Press-room / Digest
A novel method of fluorescent labeling of proteins in living cells using short α-helices
Researchers from the Laboratory of Biophotonics and the Group of molecular tags for optical nanoscopy, IBCH RAS, together with foreign colleagues developed a novel method of fluorescent labeling of proteins in living cells using short α-helices (so-called K/E-coils), which tend to interact with each other. The small size of the labels (only 2-3 kDa) should decrease the impact on the native dynamics of studied proteins. In comparison to popular covalent labels, K/E-coils can increase the resistance of labeling to photobleaching by an order of magnitude due to the continuous exchange of probes. In addition, this method makes it possible to observe the target proteins almost immediately after their synthesis without the need to wait for the long-term maturation of fluorescent proteins. This work was supported by the RSF grant 16-14-10364. Results are published in Cellular and Molecular Life Sciences.
Deciphering Ribosomes’ Actions in Living Cells
Researchers from the Laboratory of Bioinformatics Approaches in Combinatorial Chemistry and Biology IBCH RAS, in collaboration with Irish colleagues, recently published a review in WIRES RNA that compiles the computational approaches, software tools, and data resources that have been developed over the last ten years for ribosome profiling data processing and analysis. The review outlines all the necessary steps involved in the initial processing of the data and highlights potential sources of artifacts and explains how to avoid them. Researchers can use this comprehensive guide to choose the most suitable tool depending on their specific goals and a preferable computational platform. Learn more
The new method for T-cell receptor alpha chain clonality assessment can be used for minimal disease monitoring in leukemia
A group of scientists from Laboratory of Comparative and Functional Genomics in collaboration with colleagues from Masaryk universities and Dmitry Rogachaev center for pediatric hematology, oncology and immunology developed a method for clonality assessment of human T-cell receptor alpha chain gene rearrangements. They showed for the first time that such rearrangements are found in approximately 50% of the tumors of patients with various oncohematological malignancies. The new method will improve minimum residual disease monitoring for the treatment of leukemia. Results of the study are published in British Journal of Haematology. Learn more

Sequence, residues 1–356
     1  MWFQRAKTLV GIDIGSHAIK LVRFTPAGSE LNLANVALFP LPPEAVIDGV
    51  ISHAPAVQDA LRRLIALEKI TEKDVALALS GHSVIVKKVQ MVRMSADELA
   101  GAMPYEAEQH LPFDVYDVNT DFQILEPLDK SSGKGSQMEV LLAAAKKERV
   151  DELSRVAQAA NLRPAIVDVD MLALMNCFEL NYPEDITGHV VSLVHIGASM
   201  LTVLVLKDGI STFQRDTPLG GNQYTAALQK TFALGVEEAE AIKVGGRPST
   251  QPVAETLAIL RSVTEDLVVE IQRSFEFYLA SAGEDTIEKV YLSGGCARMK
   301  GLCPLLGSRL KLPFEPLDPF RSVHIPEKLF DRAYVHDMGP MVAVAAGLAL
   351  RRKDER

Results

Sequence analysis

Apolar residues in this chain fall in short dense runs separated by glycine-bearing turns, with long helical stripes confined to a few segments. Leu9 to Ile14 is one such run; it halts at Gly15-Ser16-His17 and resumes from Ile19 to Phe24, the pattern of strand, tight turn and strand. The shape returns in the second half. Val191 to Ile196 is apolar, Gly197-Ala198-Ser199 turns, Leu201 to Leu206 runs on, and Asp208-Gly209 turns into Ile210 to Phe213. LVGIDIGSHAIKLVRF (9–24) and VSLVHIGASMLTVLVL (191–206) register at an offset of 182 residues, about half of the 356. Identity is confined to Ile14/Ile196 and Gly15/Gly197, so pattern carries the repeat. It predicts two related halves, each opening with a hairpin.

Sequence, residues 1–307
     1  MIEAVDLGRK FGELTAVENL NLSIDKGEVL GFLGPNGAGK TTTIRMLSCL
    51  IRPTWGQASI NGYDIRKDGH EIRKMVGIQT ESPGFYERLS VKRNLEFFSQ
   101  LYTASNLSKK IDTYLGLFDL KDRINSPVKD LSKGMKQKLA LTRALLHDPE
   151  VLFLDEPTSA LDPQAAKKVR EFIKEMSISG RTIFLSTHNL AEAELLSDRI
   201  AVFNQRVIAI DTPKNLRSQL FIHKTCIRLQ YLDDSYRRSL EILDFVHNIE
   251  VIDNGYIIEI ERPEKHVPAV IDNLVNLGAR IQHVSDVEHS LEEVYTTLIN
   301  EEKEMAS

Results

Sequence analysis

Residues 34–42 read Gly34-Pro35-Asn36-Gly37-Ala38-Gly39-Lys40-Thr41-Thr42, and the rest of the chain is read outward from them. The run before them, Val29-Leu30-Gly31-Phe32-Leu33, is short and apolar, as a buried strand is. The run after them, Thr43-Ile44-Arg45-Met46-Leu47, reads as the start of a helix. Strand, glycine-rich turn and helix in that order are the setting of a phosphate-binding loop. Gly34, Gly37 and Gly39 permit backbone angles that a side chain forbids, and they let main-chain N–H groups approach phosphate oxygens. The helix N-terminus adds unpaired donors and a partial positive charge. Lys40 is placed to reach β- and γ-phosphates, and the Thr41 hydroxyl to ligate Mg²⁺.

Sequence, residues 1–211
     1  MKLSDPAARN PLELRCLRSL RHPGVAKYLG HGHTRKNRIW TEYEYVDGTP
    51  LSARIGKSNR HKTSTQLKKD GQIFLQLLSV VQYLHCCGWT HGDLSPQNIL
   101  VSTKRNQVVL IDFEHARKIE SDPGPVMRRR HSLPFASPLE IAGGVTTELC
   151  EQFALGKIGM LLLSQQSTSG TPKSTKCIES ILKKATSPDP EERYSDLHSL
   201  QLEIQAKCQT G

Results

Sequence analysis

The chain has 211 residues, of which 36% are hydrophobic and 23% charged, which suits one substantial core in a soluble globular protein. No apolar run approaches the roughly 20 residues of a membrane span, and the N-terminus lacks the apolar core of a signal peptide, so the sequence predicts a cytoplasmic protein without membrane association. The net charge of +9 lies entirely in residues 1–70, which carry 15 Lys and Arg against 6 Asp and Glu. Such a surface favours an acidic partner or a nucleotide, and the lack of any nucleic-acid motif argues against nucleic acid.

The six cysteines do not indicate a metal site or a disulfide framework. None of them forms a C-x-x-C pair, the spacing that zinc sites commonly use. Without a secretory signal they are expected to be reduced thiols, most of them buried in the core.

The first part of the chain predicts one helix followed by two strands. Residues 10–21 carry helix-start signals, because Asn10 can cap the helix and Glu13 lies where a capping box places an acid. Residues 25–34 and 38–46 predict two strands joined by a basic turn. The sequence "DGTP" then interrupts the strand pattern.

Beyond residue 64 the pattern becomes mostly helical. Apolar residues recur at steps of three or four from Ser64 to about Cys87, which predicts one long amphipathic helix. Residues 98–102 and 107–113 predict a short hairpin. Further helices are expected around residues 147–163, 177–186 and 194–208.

A Solid‐State Protein Junction Serves as a Bias‐Induced Current Switch
A sample-type protein monolayer, that can be a stepping stone to practical devices, can behave as an electrically driven switch. This feat is achieved using a redox protein, cytochrome C (CytC), with its heme shielded from direct contact with the solid-state electrodes. Ab initio DFT calculations, carried out on the CytC–Au structure, show that the coupling of the heme, the origin of the protein frontier orbitals, to the electrodes is sufficiently weak to prevent Fermi level pinning. Thus, external bias can bring these orbitals in and out of resonance with the electrode. Using a cytochrome C mutant for direct S–Au bonding, approximately 80% of the Au–CytC–Au junctions show at greater than 0.5 V bias a clear conductance peak, consistent with resonant tunneling. The on–off change persists up to room temperature, demonstrating reversible, bias-controlled switching of a protein ensemble, which, with its built-in redundancy, provides a realistic path to protein-based bioelectronics. Results of the study are published in Angewandte Chemie International Ediion.
Targeted gold nanorods for photothermal eradication of cancer cells
A group of scientists from the Laboratory of the molecular immunology, in collaboration with colleagues from the universities of Tel Aviv and Modena, has shown the possibility of using gold nanorods (50 nm in length and 8 nm in diameter) for photothermal eradication of cancer cells by the near-infrared light. Coating of the nanorods (GNRs) with a HER2-specific DARPin, a module of non-immunoglobulin nature, yields stable DARPin-GNR conjugates capable of selective interaction with the surface of HER2-positive cells. Illumination by the near-infrared light (850 nm) led to almost complete eradication of cancer cells. Molecular dynamic simulations showed that a monolayer of DARPin molecules is formed on the surface of the nanorod. Conjugation with the nanorod does not involve the protein's domain responsible for specific binding to HER2. Our results provide the possibility of phototherapy tumors and metastases of deep tissues. The research was supported by the RSF grant No. 19-14-00112 and the results of the work were published in the journal ACS Applied Materials Interfaces.